Been busy and as always sparetime priority is learning Chinese rather than blogging, but got some time now. I think the series of Heisig related posts will continue for a fair while longer, the debate touches on some fundamental learning issues and besides the background reading (both directly related and less directly) is interesting. My schedule for these posts will be a little random and I will start mixing some more interesting posts back in, like how to get into Chinese conversations with real people for example.
So what does it mean to know or read a Chinese character.
Seemingly not very much, many of the posts I have read about using the Heisig approach talk about knowing X amount of characters or the advantage of being able to read Chinese now before you start the rest of the language.
My position would be that someone who starts with Heisig, even after they have completed the course actually knows diddlysquat (a relatively small amount ;)) about each individual character, or perhaps to put it another way they know the character in the same way that many of those friends in their Facebook or similar friends list are actually their friends.
Add to this the fact that in my experience the main thing that you do know about the character (how to handwrite it) I haven't found particularly useful yet...
Ultimatately you could say that discussing the meaning of "know" and "read" is pointless, those using these words know what they mean particularly if they have been studying Chinese for some time already. Unfortunately I remember what it was like to start from scratch and I would have been misled at that point, and based on some the Heisig related posts my expectations would have been much too high.
I don't want to go into too much depth here, but just consider the stages that you and others went through to learn to read English (I assume your mother tongue), painfully assembling each letter, reading out slowly aloud, sub-vocalizing ("hey that kid's lips are moving when he reads"), internal voice (many adults still stuck here), straight to meaning (you can read far faster than you could speak and receive pictures and ideas etc.).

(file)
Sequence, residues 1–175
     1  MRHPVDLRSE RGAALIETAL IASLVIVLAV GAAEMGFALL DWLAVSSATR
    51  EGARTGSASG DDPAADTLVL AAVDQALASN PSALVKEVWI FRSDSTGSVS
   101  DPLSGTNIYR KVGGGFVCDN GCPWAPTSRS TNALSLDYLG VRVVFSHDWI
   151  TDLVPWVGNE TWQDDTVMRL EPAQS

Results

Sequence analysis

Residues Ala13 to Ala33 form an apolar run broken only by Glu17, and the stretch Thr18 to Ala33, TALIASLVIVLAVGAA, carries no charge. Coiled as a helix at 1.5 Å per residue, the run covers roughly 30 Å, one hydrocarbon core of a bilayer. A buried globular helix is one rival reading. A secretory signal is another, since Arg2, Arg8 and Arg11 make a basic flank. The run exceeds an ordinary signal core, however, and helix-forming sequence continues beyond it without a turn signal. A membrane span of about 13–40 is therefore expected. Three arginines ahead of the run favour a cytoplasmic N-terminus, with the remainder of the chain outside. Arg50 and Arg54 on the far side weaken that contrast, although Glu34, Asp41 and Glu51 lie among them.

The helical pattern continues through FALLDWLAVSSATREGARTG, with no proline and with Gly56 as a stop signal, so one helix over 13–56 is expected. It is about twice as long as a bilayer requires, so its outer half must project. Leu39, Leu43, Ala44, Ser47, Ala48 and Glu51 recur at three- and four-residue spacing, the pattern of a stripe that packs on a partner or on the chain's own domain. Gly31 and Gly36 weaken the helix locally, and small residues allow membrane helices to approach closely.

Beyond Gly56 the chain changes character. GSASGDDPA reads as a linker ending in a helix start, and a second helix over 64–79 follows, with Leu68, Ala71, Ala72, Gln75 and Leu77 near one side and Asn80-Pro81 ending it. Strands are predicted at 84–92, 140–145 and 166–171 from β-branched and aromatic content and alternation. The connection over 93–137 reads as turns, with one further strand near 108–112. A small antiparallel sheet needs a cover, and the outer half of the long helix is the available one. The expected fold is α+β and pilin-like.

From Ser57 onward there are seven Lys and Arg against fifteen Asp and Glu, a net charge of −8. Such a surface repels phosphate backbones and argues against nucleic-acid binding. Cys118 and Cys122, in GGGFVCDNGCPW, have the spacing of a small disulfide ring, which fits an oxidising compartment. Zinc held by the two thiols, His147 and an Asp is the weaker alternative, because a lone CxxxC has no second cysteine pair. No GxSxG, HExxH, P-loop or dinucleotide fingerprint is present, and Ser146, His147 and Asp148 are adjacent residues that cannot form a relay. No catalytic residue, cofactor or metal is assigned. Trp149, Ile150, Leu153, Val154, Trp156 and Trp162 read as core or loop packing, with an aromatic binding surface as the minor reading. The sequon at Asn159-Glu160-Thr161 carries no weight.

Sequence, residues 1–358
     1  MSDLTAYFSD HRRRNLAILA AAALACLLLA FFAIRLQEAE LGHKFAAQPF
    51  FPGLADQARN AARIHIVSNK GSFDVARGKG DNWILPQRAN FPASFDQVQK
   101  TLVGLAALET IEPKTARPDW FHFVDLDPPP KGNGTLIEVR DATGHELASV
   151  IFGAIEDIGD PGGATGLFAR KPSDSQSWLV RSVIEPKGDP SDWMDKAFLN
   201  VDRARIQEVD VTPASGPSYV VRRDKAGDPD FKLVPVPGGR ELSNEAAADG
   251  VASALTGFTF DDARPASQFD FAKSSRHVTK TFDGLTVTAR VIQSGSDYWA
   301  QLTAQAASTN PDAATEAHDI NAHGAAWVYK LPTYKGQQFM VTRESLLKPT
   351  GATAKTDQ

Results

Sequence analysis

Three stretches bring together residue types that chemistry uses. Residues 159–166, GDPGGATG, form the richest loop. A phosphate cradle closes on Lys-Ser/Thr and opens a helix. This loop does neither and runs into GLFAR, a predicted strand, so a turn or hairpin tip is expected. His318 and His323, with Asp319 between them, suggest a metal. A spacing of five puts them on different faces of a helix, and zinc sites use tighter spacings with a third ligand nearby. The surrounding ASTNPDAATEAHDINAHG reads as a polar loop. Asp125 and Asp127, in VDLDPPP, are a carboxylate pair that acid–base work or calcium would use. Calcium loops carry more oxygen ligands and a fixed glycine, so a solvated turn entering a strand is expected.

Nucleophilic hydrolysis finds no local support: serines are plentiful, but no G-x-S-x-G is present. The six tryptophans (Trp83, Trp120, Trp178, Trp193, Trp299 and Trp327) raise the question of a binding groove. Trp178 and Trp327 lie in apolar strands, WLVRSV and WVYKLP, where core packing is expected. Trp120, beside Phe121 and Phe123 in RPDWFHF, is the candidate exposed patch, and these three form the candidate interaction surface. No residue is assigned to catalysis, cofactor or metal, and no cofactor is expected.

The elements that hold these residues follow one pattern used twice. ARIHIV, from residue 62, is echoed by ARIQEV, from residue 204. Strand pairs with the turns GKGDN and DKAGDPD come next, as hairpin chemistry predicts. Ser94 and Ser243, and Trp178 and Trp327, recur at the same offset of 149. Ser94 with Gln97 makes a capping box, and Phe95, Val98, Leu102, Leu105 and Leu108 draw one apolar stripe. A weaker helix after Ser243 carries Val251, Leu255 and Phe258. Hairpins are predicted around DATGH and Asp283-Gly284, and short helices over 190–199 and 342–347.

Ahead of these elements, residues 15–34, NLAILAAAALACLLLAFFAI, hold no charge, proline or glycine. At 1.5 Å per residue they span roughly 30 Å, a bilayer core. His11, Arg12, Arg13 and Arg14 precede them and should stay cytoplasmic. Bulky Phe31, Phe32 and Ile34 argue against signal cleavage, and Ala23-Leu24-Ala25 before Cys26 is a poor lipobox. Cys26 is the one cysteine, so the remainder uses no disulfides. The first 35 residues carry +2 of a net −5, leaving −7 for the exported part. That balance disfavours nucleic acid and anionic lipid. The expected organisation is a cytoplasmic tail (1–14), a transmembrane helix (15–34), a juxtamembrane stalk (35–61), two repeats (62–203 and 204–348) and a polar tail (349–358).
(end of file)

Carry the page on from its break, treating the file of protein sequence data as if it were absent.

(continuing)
The process with Chinese will have differences however I am saying that with Heisig alone you have barely (made the first step). Of course someone may post a comment below that shows I am wrong (I will be interested to read it).
Many Heisig related posts still refer to reading characters however, combined with other acquired Chinese knowledge this may be the case but in isolation ....
I could leap into a lengthy discussion of various aspects of Chinese but I will just ask you imagine a hypothetical conversation with a new Chinese friend. She writes out a character on a piece of paper to try to illustrate something, you look at the character and although there are vaguely familiar aspects you come up blank, it looks kind of squiggly and squashed becasue she has handwritten it in a cursive style. Realizing your predicament she writes it out again slowly and kindergarten style (like a Child would learn it). Ahhh bingo "I know this character" you say with relief (you told her you have been learning Chinese for 4 months but so far you feel like a loon). "Ohhh you know how to pronounce it?" she asks, ohh dear, "well actually no, but I know it means XXXX in English". Your new found friend frowns a little and consults her electronic dictionary, "well kind of she replies, do you know it's other meanings and did you know we don't use it on it's own". No you didn't, "do you know any words it is used in" she asks helpfully, no you don't. You begin to wonder that if you had spent the Heisig time on learning more Chinese and listening etc. you may have been able to have some sort of conversation in Chinese by now.
Contrived I know, but I hope it illustrates my point, she could have asked you about a grammatical useage or many other things you wouldn't be able to answer, yet somewhere you have ticked a box that indicates that along with 1499 other characters you know this one.
I think that the clue-stick here is in one of the rationales that the Heisig system itself uses to justify learning the characters the Heisig way, the strong dislocation between the characters and the spoken language. If you learn the traditional characters for example much of what you have learned in isolation from the language would be equally applicable to Japanese and Chinese (two very different languages) and in the case of Chinese could be used to write in two mutually unintelligible dialects.
If you read carefully the introductions to the Heisig books this is made quite clear but many blog posts written about Heisig by people who already have a strong grasp of Chinese or Japanese do not address this at all (they are assuming that the reader has a similar domain knowledge, if that is they even take the time to think about it). The average westerner has no grasp of the Asian writing systems (why should they) and nothing really to base informed decisions about study method on. If you are a beginner then use Google by all means read the enthusiastic posts, but as I would always do make sure you read some opposing views before you make a decision about where and when to spend all those hours studying.